Posted by: highmountainmuse | July 6, 2009

And now… what

Moving dirt with man and horse power

Moving dirt with man and horse power

And now for the what of Ditch Camp.

In a previous post, “Where we’ve been,” I shared with you a bit about how the ditch came about, and what the purpose of it is. We’re just there to do the maintenance, to keep the water that belongs to others flowing from one side of the Divide to the other.  It’s all about water rights and claims for them. Numbers and figures that are complicated and convoluted. It’s all about packing and digging and felling for us.  Pretty clear and simple.

We’re there thanks to our horses, who pack us and our gear in up the two hours into the Wilderness from the trail head to our camp.  Tools, food, tent, clothes…us… the horses carry it all in, up the often steep and rocky trail along the east side of the Divide.

A typical day, if there ever is such a thing, starts with waking dawn, which is now perhaps 5:30, and putting the horses out to graze.  They’ve been on the high line all night long, and they are ready to eat.  Then coffee is started on the single burner propane stove, while I head out on a quick early morning walk, perhaps to check on yesterdays accomplishments or consider what needs to be done today. It is frosty in the morning, and often a heavy layer of clouds or fog lies along the floor of the meadow before us. My boots get wet.  I am grateful for my wool hat and mittens. The view is soft and secretive, and I feel like one of the moose, elk and deer that drift about silently in a protected world.

When I return, the coffee is ready.  Cowboy coffee is easy.  Just let it boil until you’re back, then give it a minute to settle those grounds. And don’t assume it really is “good to the last drop.” I build a small fire in our fire pit, enjoying its warmth along with the hot coffee in my hand as I sit and write and wait for the boys to wake.  Breakfast is cooked over the fire, and water is collected from the little creek for washing up. 

Now the sun is shining, and we lay out the damp clothes and sleeping bags to dry before the next round of rain arrives, which hopefully will not be until after we collect our dried garments.

The horses are checked, the draft horse is called upon and saddled up for work. We head out with horse, tools and a back pack stuffed with food and water, walking up the ditch bank to the next place work is needed.

The work usually involves moving dirt.  The horse is far better at that than we are, effortlessly hauling a full slip, each load of the slip equivalent to perhaps 20 of our shovel loads. He makes light work of this heavy labor. But before he can move the dirt, we have to get the dirt.  This involved picking and raking at the hillsides with hand tools to slough off rocks and soil, creating a bank with a smooth and gradual slope that the grass we reseed will be able to take, grow, and prevent further erosion.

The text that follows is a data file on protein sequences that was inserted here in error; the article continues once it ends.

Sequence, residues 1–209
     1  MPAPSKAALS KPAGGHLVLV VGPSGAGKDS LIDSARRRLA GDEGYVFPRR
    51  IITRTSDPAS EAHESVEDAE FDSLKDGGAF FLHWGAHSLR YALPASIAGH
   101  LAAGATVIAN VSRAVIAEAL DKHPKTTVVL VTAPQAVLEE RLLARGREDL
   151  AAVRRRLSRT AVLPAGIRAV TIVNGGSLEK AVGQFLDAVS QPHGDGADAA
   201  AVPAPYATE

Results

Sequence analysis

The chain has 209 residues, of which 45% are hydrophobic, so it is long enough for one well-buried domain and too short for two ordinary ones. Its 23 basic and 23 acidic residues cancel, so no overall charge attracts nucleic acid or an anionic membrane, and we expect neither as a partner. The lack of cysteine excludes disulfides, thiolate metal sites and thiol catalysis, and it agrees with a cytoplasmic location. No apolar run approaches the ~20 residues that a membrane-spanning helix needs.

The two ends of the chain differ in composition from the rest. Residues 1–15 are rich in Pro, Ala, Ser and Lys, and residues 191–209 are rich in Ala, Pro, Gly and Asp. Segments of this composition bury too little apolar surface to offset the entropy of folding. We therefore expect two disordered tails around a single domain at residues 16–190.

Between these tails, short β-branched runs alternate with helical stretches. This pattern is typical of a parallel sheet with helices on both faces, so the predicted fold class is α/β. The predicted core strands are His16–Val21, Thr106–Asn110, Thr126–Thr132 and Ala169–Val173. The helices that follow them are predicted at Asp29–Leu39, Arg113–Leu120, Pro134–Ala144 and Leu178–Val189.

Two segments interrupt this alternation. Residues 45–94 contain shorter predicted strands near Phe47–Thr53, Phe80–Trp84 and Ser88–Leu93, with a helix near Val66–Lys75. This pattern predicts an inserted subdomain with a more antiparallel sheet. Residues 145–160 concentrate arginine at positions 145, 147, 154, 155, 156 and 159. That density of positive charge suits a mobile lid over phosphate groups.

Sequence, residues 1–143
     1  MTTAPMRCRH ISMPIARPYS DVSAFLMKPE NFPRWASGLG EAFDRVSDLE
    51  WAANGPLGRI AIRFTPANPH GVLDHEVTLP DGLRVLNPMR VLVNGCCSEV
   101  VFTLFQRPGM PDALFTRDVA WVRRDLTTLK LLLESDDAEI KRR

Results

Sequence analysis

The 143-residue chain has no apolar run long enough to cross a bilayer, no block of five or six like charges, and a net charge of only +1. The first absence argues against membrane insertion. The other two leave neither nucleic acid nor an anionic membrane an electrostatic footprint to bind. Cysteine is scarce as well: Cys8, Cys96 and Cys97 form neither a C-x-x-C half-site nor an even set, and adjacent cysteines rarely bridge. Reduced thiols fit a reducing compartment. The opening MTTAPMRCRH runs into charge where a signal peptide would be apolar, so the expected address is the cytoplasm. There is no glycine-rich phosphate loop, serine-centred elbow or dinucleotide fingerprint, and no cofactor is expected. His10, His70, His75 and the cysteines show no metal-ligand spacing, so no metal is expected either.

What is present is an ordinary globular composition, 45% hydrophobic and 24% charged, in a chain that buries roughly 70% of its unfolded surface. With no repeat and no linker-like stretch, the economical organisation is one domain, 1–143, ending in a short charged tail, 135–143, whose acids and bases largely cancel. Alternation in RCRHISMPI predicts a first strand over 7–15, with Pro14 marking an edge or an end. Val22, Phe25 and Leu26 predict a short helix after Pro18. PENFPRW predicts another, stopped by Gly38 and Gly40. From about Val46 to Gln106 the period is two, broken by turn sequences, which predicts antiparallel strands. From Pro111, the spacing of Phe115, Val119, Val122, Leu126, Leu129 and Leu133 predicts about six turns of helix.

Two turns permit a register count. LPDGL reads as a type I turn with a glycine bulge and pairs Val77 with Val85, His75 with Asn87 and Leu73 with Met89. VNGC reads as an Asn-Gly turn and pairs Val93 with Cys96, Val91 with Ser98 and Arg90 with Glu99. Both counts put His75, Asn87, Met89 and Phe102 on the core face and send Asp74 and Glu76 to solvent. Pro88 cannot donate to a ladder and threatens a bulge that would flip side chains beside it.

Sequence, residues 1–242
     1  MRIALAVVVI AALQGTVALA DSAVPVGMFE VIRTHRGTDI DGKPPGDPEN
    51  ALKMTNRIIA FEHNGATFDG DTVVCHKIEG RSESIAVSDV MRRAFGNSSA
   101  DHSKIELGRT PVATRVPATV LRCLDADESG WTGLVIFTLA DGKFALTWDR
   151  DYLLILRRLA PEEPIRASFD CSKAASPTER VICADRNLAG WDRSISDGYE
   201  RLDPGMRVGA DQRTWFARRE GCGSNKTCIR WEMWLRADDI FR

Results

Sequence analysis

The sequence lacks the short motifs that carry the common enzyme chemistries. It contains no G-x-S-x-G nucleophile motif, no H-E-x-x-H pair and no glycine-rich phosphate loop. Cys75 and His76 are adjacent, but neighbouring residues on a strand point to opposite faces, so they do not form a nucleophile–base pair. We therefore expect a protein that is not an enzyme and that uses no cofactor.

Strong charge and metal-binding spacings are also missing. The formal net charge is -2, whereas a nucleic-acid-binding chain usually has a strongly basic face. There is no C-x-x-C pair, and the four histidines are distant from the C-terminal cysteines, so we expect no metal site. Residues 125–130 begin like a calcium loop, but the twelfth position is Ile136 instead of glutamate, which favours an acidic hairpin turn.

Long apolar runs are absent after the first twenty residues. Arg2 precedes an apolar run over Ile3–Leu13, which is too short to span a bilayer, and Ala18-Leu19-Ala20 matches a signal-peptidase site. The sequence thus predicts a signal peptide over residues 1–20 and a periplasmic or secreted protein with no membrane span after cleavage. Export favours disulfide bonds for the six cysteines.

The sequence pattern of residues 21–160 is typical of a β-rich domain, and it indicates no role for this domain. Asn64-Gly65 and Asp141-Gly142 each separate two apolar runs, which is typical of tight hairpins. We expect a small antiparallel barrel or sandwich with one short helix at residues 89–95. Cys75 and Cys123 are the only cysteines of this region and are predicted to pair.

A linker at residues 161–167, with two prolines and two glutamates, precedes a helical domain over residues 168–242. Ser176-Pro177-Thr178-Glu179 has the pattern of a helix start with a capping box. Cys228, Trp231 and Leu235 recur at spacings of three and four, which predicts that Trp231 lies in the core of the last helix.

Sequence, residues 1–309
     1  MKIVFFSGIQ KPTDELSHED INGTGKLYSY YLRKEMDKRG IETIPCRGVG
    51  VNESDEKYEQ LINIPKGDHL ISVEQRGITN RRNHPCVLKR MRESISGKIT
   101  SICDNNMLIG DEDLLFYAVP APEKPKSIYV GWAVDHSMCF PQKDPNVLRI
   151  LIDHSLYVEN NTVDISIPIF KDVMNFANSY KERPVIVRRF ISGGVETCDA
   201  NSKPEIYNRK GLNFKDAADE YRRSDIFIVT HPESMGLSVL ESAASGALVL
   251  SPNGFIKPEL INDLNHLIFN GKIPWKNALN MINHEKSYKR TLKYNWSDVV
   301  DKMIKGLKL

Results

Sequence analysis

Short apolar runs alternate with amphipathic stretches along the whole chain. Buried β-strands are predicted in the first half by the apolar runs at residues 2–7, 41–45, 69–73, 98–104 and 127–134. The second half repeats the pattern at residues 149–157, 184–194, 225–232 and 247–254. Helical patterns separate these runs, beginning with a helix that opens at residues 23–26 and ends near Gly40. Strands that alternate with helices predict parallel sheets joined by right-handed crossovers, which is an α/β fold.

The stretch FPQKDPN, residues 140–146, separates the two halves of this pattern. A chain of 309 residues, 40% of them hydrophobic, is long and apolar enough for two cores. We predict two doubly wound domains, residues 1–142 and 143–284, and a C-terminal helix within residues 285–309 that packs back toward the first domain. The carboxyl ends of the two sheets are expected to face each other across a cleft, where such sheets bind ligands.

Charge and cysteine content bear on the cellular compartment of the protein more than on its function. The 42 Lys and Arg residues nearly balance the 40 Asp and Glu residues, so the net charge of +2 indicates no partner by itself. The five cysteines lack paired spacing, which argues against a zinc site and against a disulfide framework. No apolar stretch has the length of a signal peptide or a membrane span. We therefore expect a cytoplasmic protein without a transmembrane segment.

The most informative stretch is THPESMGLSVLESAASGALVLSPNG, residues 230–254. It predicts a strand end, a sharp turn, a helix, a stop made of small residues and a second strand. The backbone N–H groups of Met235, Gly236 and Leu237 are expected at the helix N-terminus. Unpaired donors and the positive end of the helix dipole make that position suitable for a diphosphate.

Our muscles can only take so much pounding at the hillside, as so we alternate our digging with the horse pulling several loads, cleaning up the piles we have created, and bringing the needed fill to the down hill bank.

The ditch has been in use since the 1930’s, and yet, it is build of dirt and rock, and running water.  The equation of erosion is guaranteed.  Add to that the damage of the slush and ice running down there in the early season of each year, the tracks and debris sloughed off from the feet of the moose and elk who call that ditch their super highway, and the blockage from the falling trees from the beetle killed hillside through which the ditch runs, and you can see there is always something to do. Low spots that need to be raised.  Damage that needs to be repaired.  Blockage that needs to be removed.  Slopes that need to be adjusted and altered.

lumberjacks at work

lumberjacks at work

When the water is flowing in the ditch, moving dirt and rock within the ditch are put on hold.  Our focus turns to felling the dead trees that are guessed to be the next obstructions, those already leaning into or across the ditch, or blocking the trail along the down hill side of the bank.

We stop for a hot meal at lunch, checking the horses and putting up our dried clothes at that point.  The afternoon is more of the same.  We work as long as we can, which on most days brings us out there only till about five or six. Then we return to camp once again, tired and hopefully fulfilled from the days accomplishments.  Horses are tended to, the fire is built up, a simple dinner is cooked, and water is heated for washing up.  Perhaps a quick evening walk to inspect the days work, and sitting around with the horses, relaxing, writing, soaking in the view, the silence, the peace.  Then crawling into the warm, dry tent, no matter what the weather brings, and being grateful for a well earned sleep…

Alan inspects our work

Alan inspects our work

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Responses

  1. These descriptions of hard labor are devoured here with appreciation. I don’t know why, beyond the obvious grace of your exression and soulful spill. Your closeness with the earth, with your horses and with your own hands’ power is such medicine to read. Maybe that is it. We are too far removed from how precious our efforts are, what a big difference can be made by our hands in the world of convenience.

  2. Looks like hard work any way you look at it .A good horse is a good helper for the heavy work . They also are good listeners when things arent going just right
    DON


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